Cómo detectar (y combatir) la desinformación electoral

Una urna electoral en Filadelfia, Pensilvania el 17 de octubre. (Mark Makela/Getty Images)

La información errónea o desinformación, especialmente en internet, siguen jugando un papel muy importante en las elecciones de 2020. Conozca más acerca de los tipos de información falsa que es probable que encuentre este año y cómo puede ayudar a combatirla.

How to Spot (and Fight) Election Misinformation

A ballot drop box in Philadelphia on Oct. 17. Misinformation online focusing on polling locations is a huge concern in the 2020 election, experts say. (Mark Makela/Getty Images)

Misinformation and disinformation, especially online, continue to play a huge role in the 2020 election. Learn more about the types of false information you’re likely to come across this year — and how you can help fight it.

Una guía para la votación en persona vs. la votación por correo

Electores emiten su voto en un centro de votación adelantada en North Charleston, Carolina del Sur, el 16 de octubre. (Logan Cyrus/AFP via Getty Images)

En 2020, el proceso de votación de cada estado ha cambiado en respuesta al coronavirus. Independientemente de si planea votar en persona o por correo, hay muchas cosas a tener en cuenta. A continuación, detallamos algunas de las más importantes.

A Guide to In-Person Voting vs. Mail-In Voting

Voters cast their ballots at an early voting site in North Charleston, South Carolina, on Oct. 16. (Logan Cyrus/AFP via Getty Images)

In 2020, every state’s voting process has changed in response to the coronavirus. Regardless of whether you plan to vote in person or by mail, there are many things to consider. Here are some of the most important.

Cómo votar durante una pandemia

Trabajadores electorales instalan cabinas de votación en un centro de votación adelantada en Orlando, Florida, el 15 de octubre. (Paul Hennessy/NurPhoto via Getty Images)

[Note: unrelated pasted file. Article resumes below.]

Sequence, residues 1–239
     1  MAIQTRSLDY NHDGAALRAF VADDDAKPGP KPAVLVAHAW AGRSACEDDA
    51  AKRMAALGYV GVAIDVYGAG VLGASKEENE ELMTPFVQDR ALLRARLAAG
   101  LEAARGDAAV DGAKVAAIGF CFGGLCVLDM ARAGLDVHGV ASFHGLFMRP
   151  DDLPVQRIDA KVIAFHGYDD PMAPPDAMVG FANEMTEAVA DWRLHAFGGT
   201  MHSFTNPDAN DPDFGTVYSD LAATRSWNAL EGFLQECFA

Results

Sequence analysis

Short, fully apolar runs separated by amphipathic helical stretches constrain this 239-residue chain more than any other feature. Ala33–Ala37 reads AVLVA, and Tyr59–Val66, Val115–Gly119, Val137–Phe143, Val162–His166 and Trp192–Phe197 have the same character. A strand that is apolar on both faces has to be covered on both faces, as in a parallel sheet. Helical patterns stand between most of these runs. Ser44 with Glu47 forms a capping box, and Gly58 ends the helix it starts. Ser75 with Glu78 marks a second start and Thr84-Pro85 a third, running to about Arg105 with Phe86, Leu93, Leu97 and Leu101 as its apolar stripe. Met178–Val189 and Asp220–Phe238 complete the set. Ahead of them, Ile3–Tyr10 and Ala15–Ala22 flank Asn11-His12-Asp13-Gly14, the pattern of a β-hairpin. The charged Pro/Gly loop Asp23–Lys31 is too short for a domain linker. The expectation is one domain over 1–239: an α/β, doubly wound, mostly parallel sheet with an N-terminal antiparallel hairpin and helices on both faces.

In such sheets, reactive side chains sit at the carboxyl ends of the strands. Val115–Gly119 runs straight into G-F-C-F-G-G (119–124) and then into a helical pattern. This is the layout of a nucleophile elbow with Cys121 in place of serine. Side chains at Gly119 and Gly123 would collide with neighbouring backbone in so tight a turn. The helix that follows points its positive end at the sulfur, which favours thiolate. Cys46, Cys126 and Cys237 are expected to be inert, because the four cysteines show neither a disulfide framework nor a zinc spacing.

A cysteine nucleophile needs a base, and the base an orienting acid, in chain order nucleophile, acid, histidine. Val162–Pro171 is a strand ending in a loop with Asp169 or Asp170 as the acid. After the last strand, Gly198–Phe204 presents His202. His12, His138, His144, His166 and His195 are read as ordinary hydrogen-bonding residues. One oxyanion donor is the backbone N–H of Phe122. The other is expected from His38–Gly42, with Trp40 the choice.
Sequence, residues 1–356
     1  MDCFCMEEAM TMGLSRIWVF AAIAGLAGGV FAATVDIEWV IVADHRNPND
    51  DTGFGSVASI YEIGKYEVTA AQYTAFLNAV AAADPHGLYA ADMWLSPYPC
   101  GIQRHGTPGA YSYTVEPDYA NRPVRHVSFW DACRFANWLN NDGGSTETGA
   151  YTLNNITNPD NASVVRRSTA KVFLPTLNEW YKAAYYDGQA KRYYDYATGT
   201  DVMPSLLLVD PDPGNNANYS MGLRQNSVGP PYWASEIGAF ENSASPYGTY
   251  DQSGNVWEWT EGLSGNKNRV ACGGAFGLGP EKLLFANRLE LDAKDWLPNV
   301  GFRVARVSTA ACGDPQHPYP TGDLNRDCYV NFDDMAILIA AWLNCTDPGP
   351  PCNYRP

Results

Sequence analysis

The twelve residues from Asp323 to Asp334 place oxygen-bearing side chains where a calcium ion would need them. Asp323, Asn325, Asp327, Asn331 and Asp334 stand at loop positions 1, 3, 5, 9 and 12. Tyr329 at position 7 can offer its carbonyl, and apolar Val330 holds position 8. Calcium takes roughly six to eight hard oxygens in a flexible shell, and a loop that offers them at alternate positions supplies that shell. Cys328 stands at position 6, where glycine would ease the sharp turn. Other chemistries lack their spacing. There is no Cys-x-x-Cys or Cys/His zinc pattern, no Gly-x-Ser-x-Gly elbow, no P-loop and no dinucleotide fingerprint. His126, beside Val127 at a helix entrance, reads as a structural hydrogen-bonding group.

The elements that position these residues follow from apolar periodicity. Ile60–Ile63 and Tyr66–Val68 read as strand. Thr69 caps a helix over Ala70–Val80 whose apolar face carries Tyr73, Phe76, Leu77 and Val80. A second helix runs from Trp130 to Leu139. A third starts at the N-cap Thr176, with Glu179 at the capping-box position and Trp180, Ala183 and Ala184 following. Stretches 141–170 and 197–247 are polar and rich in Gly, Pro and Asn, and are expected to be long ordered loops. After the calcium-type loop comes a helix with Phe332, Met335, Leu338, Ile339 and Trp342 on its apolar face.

Desde el coronavirus hasta la votación por correo, la elección de 2020 se perfila como aún más confusa que las anteriores, lo cual no es poca cosa. A continuación, explicamos qué rayos está pasando este año y lo que puede hacer para participar en nuestra democracia.

How to Vote During a Pandemic

Election workers set up voting booths at an early voting site in Orlando, Florida, on Oct. 15. (Paul Hennessy/NurPhoto via Getty Images)

From coronavirus to vote-by-mail, the 2020 election is shaping up to be even more confusing than most, which is saying something. Here’s how to figure out what the heck is going on this year and what you can do to participate in our democracy.

Shouting Matches, Partisan Rallies, Guns At Polling Places: Tensions High At Early-Voting Sites

With DMVs Closed And Backlogged, People Who Want to Vote Are Struggling Even To Register

Millions of Mail-In Votes Have Already Been Cast in Battleground States. Track Their Progress Here.

Duarte Carrilho da Graça/The Guardian

ProPublica and The Guardian are tracking mail-in votes in battleground states — how many have been requested, how many have been returned and how many have been rejected.

Poorly Protected Postal Workers Are Catching COVID-19 by the Thousands. It’s One More Threat to Voting by Mail.

Shoshana Gordon/ProPublica; source images: Centers for Disease Control and Prevention, U.S. Postal Service and Wikimedia Commons

More than 50,000 workers have taken time off for virus-related reasons, slowing mail delivery. The Postal Service doesn’t test employees or check their temperatures, and its contact tracing is erratic.

About Electionland

ProPublica’s Electionland project covers problems that prevent eligible voters from casting their ballots during the 2020 elections. Our coalition of newsrooms around the country are investigating issues related to voter registration, pandemic-related changes to voting, the shift to vote-by-mail, cybersecurity, voter education, misinformation, and more.

Questions? Read our FAQ.